About Interleukin Genetics, Inc.
Interleukin Genetics, Inc. (OTCQB: ILIU) develops and markets a line of genetic tests under the Inherent Health® and PST® brands. The products empower individuals to prevent certain chronic conditions and manage their existing health and wellness through genetic-based insights with actionable guidance. Interleukin Genetics leverages its research, intellectual property and genetic panel development expertise in metabolism and inflammation to facilitate the emerging personalized healthcare market. The Company markets its tests through partnerships with health and wellness companies, healthcare professionals and other distribution channels. Interleukin Genetics' flagship products include its proprietary PST genetic risk panel for periodontal disease and tooth loss susceptibility sold through dentists and the Inherent Health Weight Management Genetic Test that identifies the most effective diet and exercise program for an individual based on genetics. Interleukin Genetics is headquartered in Waltham, Mass. and operates an on-site, state-of-the-art DNA testing laboratory certified under the Clinical Laboratory Improvement Amendments (CLIA). For more information, please visit http://www.ilgenetics.com.
About The Thurston Arthritis Research Center
Established at the University of North Carolina's School of Medicine in 1981, the Thurston Arthritis Research Center's mission is to investigate the causes, consequences and treatments of arthritis and autoimmune diseases and to reduce their impacts on patients, their families and society. More than 40 researchers and physicians from the Schools of Medicine, Nursing, Public Health, Pharmacy and Dentistry collaborate to achieve the center's mission. Basic and translational clinical research focuses on the biological mechanisms, as well as the psychological and social impacts of diseases such as rheumatoid arthritis, osteoarthritis, systemic lupus erythematosus, and vasculitis.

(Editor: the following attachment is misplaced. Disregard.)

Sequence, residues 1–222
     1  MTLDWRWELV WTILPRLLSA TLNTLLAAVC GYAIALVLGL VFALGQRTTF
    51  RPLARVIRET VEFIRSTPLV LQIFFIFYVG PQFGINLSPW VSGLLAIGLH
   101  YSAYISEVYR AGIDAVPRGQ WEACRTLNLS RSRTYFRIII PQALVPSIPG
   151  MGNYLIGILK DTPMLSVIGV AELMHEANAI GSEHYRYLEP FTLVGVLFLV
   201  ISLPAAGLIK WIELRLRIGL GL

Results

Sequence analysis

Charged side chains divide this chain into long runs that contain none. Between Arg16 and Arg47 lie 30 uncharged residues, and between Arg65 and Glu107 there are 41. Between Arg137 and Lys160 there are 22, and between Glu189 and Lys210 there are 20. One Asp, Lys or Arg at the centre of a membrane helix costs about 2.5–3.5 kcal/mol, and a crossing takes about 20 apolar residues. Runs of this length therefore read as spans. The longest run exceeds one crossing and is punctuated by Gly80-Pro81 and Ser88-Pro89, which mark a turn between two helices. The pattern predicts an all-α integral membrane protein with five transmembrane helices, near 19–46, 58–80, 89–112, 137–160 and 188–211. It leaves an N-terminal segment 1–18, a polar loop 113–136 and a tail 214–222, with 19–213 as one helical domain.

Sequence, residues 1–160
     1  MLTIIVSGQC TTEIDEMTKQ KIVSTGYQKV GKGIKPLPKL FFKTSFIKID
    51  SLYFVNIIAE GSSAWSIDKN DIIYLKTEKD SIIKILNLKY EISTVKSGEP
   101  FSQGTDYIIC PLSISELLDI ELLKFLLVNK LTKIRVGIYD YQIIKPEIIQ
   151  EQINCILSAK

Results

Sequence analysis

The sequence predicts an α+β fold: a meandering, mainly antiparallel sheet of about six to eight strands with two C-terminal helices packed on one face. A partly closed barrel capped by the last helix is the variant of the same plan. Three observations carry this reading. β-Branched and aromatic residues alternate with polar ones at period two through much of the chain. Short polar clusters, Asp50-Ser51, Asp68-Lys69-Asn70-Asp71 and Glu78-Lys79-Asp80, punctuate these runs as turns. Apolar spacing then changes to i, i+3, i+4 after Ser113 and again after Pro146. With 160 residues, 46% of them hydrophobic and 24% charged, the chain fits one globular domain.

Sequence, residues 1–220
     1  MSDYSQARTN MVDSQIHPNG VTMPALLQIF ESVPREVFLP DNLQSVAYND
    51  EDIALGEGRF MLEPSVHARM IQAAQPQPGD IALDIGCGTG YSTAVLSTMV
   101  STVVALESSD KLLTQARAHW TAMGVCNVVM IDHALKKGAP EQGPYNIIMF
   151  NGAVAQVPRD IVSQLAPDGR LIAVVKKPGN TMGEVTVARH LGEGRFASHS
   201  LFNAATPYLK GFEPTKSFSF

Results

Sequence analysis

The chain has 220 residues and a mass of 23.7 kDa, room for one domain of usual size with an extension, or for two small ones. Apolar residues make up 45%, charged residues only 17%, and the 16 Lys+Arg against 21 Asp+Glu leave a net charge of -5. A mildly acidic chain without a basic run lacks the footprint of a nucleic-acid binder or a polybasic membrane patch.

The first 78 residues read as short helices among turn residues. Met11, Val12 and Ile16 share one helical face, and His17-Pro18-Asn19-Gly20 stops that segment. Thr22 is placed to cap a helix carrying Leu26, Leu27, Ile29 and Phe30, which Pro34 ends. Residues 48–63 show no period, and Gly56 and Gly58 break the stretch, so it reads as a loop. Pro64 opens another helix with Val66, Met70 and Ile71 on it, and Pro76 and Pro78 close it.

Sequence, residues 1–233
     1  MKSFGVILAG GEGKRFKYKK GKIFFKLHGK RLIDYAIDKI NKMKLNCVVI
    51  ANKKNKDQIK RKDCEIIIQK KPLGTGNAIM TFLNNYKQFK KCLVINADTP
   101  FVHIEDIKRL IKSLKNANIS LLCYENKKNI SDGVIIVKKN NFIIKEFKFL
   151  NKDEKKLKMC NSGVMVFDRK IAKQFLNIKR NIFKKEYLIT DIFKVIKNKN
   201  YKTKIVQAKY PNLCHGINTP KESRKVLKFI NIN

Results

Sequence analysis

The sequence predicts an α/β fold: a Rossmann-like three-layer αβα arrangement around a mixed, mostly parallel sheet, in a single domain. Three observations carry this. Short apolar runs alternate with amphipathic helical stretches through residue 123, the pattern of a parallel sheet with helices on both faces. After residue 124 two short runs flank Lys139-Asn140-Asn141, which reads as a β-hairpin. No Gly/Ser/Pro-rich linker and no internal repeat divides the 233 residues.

Certain statements contained herein are "forward-looking" statements, including statements that the genetic findings from the clinical studies have the potential to be used to improve drug development and medical management of osteoarthritis. Because such statements include risks and uncertainties, actual results may differ materially from those expressed or implied by such forward-looking statements.Factors that could cause actual results to differ materially from those expressed or implied by such forward-looking statements include, but are not limited to, those risks and uncertainties described in the Interleukin Genetics' annual report on Form 10-K for the year ended December 31, 2012 and other filings with the Securities and Exchange Commission. Interleukin Genetics disclaims any obligation or intention to update these forward-looking statements.
Interleukin Genetics, Inc.
Jennifer Violette, 781-398-0710
Interleukin Genetics, Inc.
Eliot Lurier, 781-398-0700, ext. 1204
Chief Financial Officer
KEYWORDS: United States North America Massachusetts North Carolina